Then he toddled back across and lifted his little hands to his father who looked down and swooped him up. In that flash of a moment, I realized something. I spend far too much of my life toddling back and forth in my little limited world. I see a lot of pant legs and shoes, chairs and floor.

In my limited view, life is rather confusing and quite uninspiring. It really doesn’t make much sense because everything looks so similar. I only see half the story, if that much. But then, when I think to, I can look up at my Father and lift my hands to Him. When He swoops me up into His arms, that’s when I see a world I never knew existed. And what a world it is!

There are whole rooms and lots of people, and everything looks very different from up there with my Father.

The other thing I noticed as I watched this father-son combo was how the little boy held on. It was not with a death-grip like “please don’t let me fall.” It was with a trust that his father would not even think of dropping him. True, he was holding on, but the real truth was him being up there to see was at the pleasure of his father, not of his own will. Had his father wanted to drop him, the child would’ve had no choice but to get down.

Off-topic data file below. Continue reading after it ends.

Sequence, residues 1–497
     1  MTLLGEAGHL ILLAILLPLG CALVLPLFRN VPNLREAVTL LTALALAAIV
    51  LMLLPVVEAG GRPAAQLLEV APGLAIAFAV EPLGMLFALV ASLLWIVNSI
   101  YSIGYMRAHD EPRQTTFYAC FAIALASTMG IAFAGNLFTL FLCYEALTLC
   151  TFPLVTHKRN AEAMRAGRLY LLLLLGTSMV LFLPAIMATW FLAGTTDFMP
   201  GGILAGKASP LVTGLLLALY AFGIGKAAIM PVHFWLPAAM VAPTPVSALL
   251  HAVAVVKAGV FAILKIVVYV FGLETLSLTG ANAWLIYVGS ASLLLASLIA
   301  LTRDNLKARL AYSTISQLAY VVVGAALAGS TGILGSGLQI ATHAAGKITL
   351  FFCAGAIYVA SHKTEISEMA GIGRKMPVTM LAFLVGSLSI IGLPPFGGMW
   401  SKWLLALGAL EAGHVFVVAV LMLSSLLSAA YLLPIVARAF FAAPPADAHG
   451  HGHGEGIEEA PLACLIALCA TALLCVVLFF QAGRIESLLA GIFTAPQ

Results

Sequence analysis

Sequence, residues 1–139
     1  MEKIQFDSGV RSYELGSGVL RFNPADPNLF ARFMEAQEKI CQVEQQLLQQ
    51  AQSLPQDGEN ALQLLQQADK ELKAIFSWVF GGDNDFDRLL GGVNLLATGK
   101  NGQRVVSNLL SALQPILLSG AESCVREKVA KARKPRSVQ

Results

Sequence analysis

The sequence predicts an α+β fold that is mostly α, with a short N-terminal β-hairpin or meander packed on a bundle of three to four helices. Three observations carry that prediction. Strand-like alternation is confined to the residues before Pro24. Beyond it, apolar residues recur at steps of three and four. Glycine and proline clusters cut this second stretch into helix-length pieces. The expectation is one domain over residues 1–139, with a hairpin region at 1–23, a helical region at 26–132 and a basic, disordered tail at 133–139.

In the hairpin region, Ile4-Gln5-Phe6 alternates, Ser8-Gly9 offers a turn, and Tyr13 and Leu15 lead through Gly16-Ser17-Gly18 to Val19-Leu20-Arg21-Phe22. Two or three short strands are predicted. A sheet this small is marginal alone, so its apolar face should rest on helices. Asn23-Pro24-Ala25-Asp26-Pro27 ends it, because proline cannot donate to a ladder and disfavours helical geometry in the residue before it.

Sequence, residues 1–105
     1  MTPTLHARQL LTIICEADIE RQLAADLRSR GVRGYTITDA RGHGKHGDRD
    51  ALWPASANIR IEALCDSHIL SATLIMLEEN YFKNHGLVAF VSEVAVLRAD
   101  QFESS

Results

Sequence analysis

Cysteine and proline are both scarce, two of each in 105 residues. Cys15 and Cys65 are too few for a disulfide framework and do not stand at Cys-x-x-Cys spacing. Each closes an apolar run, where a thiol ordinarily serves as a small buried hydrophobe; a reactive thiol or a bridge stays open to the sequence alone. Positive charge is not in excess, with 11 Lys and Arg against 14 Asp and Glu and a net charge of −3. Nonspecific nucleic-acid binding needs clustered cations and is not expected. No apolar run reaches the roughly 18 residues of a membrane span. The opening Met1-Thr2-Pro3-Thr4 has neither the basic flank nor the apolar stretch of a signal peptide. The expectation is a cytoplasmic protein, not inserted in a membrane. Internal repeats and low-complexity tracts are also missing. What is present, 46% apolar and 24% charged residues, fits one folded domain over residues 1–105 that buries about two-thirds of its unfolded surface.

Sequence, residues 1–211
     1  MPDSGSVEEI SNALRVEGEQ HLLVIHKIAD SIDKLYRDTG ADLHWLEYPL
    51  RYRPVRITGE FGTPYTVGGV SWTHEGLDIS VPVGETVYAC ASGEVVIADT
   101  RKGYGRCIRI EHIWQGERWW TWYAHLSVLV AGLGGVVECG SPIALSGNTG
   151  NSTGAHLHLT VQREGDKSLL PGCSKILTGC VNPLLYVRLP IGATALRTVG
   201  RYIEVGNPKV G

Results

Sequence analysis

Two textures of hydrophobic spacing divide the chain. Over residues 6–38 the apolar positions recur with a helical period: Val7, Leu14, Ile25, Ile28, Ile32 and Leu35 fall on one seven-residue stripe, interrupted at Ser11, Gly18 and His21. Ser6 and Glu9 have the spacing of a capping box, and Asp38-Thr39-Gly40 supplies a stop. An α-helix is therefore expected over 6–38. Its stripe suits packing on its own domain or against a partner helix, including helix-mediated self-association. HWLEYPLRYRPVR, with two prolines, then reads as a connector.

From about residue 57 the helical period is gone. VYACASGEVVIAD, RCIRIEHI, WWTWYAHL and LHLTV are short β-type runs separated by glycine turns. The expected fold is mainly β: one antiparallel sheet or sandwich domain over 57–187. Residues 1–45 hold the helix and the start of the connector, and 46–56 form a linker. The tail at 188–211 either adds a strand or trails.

But his father’s pleasure with him being up there was evident. The father looked over at the child and smiled with love and pride as the child gazed around the room in wonder. The little boy smiled back as if in awe of the point of view his father was able to share with him.

I love this lesson. It’s so simple but yet so profound. How many times do we insist on doing it ourselves, on going on our own limited viewpoint, insisting on toddling around at our Father’s feet? That’s always an option of course. But if we’ll just lift our hands to our Father, He will lift us up to a whole new point of view. As we look around and see our world, not as we see it, but as He sees it, He will no doubt smile at our awe and hold us there in His strength as we relax and enjoy the view.